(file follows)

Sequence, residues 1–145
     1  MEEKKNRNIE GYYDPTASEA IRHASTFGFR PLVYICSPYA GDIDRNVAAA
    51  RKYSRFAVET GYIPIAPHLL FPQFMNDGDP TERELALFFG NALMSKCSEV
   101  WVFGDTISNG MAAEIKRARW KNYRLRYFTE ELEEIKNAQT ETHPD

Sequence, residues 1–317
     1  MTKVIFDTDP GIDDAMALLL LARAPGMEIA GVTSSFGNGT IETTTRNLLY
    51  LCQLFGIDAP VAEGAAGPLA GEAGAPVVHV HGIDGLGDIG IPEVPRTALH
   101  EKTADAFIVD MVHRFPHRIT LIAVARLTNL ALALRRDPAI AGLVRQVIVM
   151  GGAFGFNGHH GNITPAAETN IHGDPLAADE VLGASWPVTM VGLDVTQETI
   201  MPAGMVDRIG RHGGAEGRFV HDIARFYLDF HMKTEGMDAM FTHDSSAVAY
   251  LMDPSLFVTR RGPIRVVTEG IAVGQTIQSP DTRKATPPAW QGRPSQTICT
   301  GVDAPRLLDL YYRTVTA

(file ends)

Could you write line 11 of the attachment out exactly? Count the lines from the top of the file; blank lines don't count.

   251  LMDPSLFVTR RGPIRVVTEG IAVGQTIQSP DTRKATPPAW QGRPSQTICT